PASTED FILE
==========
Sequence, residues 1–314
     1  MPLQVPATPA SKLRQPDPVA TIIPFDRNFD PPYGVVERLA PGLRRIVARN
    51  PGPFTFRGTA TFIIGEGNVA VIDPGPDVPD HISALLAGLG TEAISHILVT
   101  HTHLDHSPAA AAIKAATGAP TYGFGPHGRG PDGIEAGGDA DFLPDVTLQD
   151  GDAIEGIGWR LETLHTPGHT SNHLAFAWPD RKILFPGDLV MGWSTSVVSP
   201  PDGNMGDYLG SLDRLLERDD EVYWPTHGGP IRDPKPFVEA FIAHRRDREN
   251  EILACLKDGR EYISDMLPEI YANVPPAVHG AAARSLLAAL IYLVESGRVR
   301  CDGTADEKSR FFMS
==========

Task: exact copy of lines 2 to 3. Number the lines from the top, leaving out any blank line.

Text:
     1  MPLQVPATPA SKLRQPDPVA TIIPFDRNFD PPYGVVERLA PGLRRIVARN
    51  PGPFTFRGTA TFIIGEGNVA VIDPGPDVPD HISALLAGLG TEAISHILVT